The postwar decade celebrated as the Roaring Twenties, or the Jazz Age, was a time of significant social change. With World War I over, Americans welcomed a period of prosperity and revelry. It was a time of jazz music, dancing and speakeasies where bootleg liquor flowed during Prohibition. Money flowed, too, leading to a stock market boom and wild speculation on Wall Street. A number of crazes and fads swept the nation. At the same time, people sought refuge from all the giddiness and unpredictability. For that, they turned their focus to national heroes, sports champions and other role models who embodied traditional American values.

Dance Crazes

With the advent of radio, American popular music and dances reached a coast-to-coast audience. An energetic new dance called the Charleston became all the rage in the nation's ballrooms and dance halls. Young people were eager to show off their skills, sprightliness and stamina. Another popular craze was the round-the-clock dance marathon. A human endurance contest, a dance marathon required couples to move their feet practically nonstop for dozens or even hundreds of hours, competing for cash prizes.

Fashion Trends

In the 1920s new hat styles emerged for men, along with argyle socks and raccoon fur coats. But Jazz Age fashion trends were more noteworthy for women, whose clothing and hairstyles reflected shifts in social attitudes. Women's skirts and bathing suits got shorter, as did their hair. Young women who danced the Charleston, wore skimpy dresses and bobbed their locks were nicknamed flappers. Silent film star Louise Brooks popularized the shingle cut, while jazz singer Josephine Baker modeled a daring Eton crop. After the first Miss America pageant in 1921, beauty contests came into vogue. Beauty was no longer the domain of the leisure class. Even housewives and working women shopped for the latest fashions and cosmetics in the Sears catalog or at chain stores like Woolworth's.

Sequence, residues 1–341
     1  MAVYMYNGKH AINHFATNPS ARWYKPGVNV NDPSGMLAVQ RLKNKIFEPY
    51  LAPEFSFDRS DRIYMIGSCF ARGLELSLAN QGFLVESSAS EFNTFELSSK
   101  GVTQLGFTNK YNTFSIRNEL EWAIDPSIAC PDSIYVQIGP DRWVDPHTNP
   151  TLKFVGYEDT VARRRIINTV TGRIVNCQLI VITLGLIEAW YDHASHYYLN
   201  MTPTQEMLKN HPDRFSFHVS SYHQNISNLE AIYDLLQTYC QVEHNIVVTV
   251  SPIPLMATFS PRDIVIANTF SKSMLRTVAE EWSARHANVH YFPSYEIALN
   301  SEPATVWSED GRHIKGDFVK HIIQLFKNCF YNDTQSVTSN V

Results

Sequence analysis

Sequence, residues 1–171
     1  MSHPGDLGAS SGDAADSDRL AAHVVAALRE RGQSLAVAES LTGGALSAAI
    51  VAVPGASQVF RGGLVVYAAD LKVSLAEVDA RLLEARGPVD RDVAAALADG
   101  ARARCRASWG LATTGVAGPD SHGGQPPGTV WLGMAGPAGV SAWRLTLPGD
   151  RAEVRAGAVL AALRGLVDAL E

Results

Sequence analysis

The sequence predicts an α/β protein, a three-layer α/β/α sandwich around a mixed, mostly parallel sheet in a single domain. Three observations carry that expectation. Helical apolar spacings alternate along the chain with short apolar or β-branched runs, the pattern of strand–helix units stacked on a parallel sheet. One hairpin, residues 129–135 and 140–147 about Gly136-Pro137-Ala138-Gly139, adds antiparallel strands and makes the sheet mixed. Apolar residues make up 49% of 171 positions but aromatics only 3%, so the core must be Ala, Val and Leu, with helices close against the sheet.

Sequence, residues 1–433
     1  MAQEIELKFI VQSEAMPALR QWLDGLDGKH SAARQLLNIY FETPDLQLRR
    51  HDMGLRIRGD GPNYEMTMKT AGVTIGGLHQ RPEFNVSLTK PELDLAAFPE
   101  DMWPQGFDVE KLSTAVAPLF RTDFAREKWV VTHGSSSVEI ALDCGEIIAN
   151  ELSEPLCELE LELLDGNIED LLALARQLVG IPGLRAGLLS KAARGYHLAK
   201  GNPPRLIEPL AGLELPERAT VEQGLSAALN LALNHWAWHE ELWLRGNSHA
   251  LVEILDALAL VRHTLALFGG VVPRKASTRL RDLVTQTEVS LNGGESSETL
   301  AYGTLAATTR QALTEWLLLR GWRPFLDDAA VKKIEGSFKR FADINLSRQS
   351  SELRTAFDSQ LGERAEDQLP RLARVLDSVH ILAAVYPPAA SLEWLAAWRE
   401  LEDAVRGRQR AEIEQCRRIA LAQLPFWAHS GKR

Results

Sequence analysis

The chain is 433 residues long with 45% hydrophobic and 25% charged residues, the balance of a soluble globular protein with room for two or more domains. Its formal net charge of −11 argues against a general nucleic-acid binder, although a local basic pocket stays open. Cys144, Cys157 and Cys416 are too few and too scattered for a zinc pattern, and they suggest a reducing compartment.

Pop Culture Fads and Pastimes

Many 1920s Americans spent their free time enjoying new games and activities, along with a few fads. One of the most notorious fads of the decade was flagpole sitting, in which a person would climb the local flagpole and sit on top of it for as long as possible. Like a dance marathon, flagpole sitting was a test of endurance. Back on the ground, mah-jongg, a Chinese game, became a wildly popular pastime. Simon and Schuster published the first crossword puzzle book, which launched a nationwide crossword craze. Two stylish new periodicals, Time and Reader's Digest, hit the newsstands. Meanwhile, the Book-of-the-Month Club lured thousands of avid readers into literary discussion groups.

Aviators and Sports Heroes

In 1927 Charles Lindbergh became the first man to complete a solo transatlantic flight. He became an overnight sensation and a national hero. The story of his courageous flight filled the front pages of newspapers around the world, while his Midwestern modesty charmed the nation. As a pioneering female aviator, Amelia Earhart inspired millions. Athletes like golfer Bobby Jones and boxer Jack Dempsey also became celebrities, while baseball legends Ty Cobb and Babe Ruth served as role models for a generation of American youth. Heroes like these gave Americans a sense of security in a time of sweeping social change and uncertainty.